Although Trinidad and Tobago has an abundant supply of relatively pure CO2 and more than 1 billion barrels of heavy oil deposits there are no active enhanced oil recovery (EOR) projects using carbon dioxide (CO2).

In this paper, we have performed black oil simulation studies to evaluate several injection strategies with carbonated water, varying the salinity and viscosity of injected water. The salinity was varied by 1,000 and 35,000 ppm. The viscosity was increased by adding 0.1 weight percent polymer to injected water. The investigation was carried out using a commercial reservoir simulator. The simulation grid represents the properties of a quarter five-spot of the Lower Forest sand of the Forest Reserve Field. The reservoir simulation components used are water, polymer, H, Na, Cl-, dead oil, solution gas and CO2. The Stone #1 three-phase relative permeability model was used to calculate the three-phase relative permeabilities from two-phase data. In addition, a factorial experimental design was utilized and twelve simulation runs were done along with nine benchmark runs for comparison to other EOR methods.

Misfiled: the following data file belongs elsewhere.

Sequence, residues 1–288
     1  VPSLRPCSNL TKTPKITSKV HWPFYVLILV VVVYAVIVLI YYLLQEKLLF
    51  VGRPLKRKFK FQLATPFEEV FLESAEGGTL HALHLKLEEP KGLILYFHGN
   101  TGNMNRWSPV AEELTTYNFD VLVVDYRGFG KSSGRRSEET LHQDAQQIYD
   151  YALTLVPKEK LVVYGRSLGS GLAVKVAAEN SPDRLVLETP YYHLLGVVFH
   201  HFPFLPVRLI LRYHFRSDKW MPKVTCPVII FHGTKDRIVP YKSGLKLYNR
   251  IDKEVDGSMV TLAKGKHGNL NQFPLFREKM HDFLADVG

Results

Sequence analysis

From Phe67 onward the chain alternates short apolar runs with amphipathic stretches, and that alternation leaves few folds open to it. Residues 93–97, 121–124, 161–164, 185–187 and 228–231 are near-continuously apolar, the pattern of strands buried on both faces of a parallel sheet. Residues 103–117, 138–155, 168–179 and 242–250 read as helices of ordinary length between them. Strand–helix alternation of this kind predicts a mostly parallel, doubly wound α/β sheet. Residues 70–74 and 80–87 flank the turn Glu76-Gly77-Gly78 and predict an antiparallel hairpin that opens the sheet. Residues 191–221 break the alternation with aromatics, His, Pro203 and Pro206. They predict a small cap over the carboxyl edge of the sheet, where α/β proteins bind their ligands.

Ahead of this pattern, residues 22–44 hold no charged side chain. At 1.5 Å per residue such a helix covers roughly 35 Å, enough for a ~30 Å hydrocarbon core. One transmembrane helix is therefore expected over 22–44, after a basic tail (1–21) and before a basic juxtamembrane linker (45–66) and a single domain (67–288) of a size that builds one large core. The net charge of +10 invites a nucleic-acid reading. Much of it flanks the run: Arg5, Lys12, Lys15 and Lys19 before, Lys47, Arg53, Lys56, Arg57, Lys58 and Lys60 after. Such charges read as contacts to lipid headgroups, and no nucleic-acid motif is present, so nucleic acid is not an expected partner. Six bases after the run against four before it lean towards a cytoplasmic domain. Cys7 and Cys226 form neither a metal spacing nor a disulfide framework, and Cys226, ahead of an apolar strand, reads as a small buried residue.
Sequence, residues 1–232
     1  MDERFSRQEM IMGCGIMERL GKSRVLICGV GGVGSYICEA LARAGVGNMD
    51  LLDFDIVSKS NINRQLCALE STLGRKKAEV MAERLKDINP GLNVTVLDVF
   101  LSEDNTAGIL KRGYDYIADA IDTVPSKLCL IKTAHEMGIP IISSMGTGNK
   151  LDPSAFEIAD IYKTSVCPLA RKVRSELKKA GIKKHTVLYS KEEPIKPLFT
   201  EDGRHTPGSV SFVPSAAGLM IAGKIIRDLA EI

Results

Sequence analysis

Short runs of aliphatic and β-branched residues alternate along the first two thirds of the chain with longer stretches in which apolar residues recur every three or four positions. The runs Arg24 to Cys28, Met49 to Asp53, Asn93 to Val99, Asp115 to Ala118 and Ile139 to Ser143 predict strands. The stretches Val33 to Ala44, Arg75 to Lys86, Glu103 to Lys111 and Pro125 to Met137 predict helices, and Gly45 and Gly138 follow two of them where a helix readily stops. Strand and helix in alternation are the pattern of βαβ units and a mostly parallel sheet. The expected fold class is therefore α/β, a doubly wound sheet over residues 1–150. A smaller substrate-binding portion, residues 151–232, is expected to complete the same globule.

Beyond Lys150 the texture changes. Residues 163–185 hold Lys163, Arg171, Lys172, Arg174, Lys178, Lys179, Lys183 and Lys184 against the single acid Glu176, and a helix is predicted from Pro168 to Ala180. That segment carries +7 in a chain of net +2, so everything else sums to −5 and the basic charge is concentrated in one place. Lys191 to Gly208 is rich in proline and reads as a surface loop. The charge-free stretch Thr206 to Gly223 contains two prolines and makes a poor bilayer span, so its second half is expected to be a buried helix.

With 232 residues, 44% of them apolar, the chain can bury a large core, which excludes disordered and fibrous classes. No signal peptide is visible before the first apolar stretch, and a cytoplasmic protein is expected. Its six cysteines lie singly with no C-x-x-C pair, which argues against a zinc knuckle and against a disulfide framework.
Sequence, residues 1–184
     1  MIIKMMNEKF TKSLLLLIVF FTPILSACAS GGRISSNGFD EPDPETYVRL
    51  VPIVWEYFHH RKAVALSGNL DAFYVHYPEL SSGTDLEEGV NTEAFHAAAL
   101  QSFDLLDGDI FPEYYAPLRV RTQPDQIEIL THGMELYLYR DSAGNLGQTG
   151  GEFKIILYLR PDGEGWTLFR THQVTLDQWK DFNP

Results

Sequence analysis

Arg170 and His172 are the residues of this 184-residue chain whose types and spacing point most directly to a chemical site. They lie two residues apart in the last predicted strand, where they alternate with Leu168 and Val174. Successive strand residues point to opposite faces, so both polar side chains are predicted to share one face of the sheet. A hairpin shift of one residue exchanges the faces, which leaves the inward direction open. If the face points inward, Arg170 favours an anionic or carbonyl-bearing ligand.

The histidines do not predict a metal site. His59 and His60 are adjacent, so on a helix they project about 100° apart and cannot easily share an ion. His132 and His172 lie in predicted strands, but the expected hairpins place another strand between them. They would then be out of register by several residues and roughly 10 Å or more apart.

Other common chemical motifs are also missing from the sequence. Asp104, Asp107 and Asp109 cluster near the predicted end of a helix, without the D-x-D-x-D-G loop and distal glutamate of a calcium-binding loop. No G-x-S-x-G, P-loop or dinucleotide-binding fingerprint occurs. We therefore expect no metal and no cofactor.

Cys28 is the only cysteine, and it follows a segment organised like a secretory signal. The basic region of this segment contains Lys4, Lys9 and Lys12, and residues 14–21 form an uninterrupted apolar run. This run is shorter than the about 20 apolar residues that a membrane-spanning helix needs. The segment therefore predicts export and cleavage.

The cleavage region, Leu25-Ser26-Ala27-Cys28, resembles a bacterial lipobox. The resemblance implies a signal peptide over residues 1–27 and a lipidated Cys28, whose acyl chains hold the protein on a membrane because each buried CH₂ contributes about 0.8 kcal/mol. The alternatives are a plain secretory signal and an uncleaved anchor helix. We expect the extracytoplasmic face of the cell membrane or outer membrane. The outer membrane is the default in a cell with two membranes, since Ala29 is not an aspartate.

From the results obtained the following was concluded: water salinity has no effect on either oil recovery or carbon dioxide storage; polymer injection increases oil recovery and carbon dioxide storage. We found the optimal injection strategy to be a cycling of carbonated water alternating with polymer injection.

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